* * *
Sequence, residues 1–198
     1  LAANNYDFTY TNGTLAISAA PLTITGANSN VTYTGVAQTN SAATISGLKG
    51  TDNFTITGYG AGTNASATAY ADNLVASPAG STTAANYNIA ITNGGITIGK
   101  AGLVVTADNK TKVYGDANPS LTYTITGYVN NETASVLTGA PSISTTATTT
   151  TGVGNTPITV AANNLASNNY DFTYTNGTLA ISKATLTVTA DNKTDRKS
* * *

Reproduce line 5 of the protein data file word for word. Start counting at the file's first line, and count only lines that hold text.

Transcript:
   151  TGVGNTPITV AANNLASNNY DFTYTNGTLA ISKATLTVTA DNKTDRKS